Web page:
An ancient construction method dating back to the Neolithic period, rammed earth is a highly durable and sustainable building material. As compared to the likes of concrete, the making of rammed earth creates a far lower carbon footprint in terms of the energy and transportation of materials required. The naturally excellent insulation properties of rammed earth also keep the property naturally cool sans the need for excessive air conditioning, an important factor in a tropical climate like Bali’s.
“We are proud that [Ulaman] is Indonesia’s largest rammed earth project,” says Hearn. To create the rammed earth for Ulaman, the firm worked closely with local villagers to create the structural form, produce the mix using earth dug up straight from the site, and carry out the ramming. Having undergone such training with the firm, these villagers are now able to offer this skillset to other firms or projects, thereby having a new source of livelihood. Other locally sourced materials include the use of recycled timber, stone sourced from Indonesia, and bamboo harvested from the site and nearby villages.
Further elevating Ulaman’s sustainability measures was the use of prefabricated materials. “[It was our first time] using prefabrication [to create] recycled expanded polystyrene composite panels that were paired with polymer earth renders. [The panels are] super lightweight and have an incredibly low carbon footprint... and seeing it go up so quickly was a joy,” Hearn points out.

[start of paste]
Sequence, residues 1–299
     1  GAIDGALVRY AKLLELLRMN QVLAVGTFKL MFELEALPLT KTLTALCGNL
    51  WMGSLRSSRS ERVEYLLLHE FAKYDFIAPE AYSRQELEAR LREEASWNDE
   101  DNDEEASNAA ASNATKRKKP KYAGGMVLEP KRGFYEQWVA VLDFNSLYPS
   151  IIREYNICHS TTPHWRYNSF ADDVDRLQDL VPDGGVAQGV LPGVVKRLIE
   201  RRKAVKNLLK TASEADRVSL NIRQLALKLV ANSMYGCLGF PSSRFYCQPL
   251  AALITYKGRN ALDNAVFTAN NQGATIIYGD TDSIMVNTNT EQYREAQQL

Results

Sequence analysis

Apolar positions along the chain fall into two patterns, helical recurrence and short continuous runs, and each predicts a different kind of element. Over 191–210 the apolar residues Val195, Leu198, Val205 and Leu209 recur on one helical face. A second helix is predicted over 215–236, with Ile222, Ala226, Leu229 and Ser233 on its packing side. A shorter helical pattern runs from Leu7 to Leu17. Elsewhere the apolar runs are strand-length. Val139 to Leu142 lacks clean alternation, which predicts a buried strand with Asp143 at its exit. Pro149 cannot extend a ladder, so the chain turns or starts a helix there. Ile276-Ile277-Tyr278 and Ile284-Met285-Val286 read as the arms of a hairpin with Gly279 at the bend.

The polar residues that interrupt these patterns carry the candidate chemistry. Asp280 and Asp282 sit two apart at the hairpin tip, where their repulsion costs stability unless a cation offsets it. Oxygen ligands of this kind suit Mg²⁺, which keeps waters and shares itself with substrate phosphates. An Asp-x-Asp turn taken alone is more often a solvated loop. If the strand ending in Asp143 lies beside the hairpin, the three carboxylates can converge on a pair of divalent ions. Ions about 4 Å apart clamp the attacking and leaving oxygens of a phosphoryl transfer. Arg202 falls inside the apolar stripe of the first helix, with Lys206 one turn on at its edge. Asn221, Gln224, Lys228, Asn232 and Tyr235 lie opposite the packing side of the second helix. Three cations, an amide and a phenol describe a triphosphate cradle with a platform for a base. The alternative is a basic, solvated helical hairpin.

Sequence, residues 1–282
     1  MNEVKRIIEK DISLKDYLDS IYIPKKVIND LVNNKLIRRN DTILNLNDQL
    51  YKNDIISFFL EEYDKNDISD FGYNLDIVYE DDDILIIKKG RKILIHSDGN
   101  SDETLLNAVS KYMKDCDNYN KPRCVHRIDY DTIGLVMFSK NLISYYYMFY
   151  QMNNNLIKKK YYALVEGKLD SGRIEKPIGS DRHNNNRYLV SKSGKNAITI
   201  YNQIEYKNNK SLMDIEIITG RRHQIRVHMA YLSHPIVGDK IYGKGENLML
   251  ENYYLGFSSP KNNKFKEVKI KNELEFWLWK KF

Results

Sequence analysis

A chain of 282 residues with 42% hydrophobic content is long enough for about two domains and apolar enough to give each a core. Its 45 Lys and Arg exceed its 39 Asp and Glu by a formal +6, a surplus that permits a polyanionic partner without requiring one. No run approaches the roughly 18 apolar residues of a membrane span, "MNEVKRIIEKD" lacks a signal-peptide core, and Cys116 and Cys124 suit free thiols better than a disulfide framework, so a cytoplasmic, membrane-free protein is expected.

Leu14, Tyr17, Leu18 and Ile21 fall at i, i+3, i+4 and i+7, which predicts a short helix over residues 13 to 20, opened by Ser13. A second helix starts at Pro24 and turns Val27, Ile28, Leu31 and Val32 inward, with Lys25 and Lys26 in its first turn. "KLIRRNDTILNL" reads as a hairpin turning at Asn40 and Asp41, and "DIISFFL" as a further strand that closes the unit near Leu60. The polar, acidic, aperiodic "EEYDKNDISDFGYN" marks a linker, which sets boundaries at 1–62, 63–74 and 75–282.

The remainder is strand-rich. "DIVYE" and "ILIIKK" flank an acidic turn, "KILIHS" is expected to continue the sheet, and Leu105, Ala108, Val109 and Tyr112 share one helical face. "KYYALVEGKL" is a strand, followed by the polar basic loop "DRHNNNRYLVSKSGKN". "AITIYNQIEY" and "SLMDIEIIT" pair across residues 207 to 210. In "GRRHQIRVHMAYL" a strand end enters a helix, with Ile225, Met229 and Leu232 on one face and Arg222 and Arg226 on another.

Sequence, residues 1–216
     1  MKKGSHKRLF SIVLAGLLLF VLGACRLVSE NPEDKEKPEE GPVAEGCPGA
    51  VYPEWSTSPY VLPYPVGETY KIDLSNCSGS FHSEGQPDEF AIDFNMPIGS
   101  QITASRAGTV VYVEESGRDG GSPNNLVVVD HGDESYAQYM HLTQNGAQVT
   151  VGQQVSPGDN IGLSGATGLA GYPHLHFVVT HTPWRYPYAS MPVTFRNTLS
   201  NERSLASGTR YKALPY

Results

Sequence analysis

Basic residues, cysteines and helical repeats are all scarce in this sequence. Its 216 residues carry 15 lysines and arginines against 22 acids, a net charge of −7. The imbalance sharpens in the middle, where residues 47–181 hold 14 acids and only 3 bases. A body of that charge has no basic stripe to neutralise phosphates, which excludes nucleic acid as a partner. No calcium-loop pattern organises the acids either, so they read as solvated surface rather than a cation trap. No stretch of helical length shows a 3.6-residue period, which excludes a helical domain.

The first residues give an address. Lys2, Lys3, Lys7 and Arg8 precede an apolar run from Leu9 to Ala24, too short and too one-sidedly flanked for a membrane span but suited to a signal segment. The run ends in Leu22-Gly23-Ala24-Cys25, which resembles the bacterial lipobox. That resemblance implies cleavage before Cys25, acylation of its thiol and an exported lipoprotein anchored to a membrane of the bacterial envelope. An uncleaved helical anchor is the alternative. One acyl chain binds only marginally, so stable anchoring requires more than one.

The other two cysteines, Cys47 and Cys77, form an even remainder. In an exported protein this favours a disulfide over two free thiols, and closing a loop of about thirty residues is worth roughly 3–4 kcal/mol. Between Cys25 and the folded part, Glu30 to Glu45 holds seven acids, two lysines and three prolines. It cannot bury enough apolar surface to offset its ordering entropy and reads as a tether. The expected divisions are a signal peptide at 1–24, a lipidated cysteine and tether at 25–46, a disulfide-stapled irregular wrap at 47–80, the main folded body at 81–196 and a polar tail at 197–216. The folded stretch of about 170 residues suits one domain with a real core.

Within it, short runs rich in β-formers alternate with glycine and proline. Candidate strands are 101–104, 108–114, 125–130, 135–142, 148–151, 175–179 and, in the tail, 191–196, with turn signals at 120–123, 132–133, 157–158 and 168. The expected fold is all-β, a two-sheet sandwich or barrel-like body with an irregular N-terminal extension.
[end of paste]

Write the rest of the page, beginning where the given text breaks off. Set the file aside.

A Living Work Of Art
Hearn and his team have managed to transform these materials into stunning shapes and forms that intrigue the imagination. For one, there is the resort’s ethereal yoga studio which literally seems to float from the cliff’s edge.
Key to making this form possible was a cantilevered structure supporting a parabolic bamboo pavilion. “[As] there was minimal land available [at the cliff], getting the foundations right to allow for this was most challenging. Some steel members combined with bamboo was the only way to achieve this. The parabolic form could be seen like a flower [crowning] the complex,” Hearn shares about their approach to the yoga studio.
“At this site where nature is at the forefront, we strove to make our buildings feel immersive,” he explains of Inspiral’s decision to adopt unique structural forms at Ulaman. “Flowing, organic forms create both subtle and direct communications between our experience of [the] space,” he adds.
Adding to the property’s inimitable sense of calm is a soothing palette of organically occurring colours from the natural materials. To avoid an overbearing rusticity, bamboo was also intentionally whitewashed to lend a sense of freshness, all while highlighting much of the playful geometry found within the structures.
For their groundbreaking work, Hearn and his 30-strong team comprising architects, interior designers, structural engineers, and MEPs, were awarded the UNESCO Prix Versailles Award in 2021. This prestigious award recognises contemporary architectural projects that carefully consider their ecological, social, and cultural impacts, and in a way that celebrates beauty and creativity.
Inspiral was the first Indonesian company to be awarded this prize. “It’s a major coup for the Indonesian architectural community,” says Hearn.
With firms like Inspiral leading the way, it’s certainly exciting to see what the next era of biophilic architecture in a nature-blessed place like Indonesia will hold.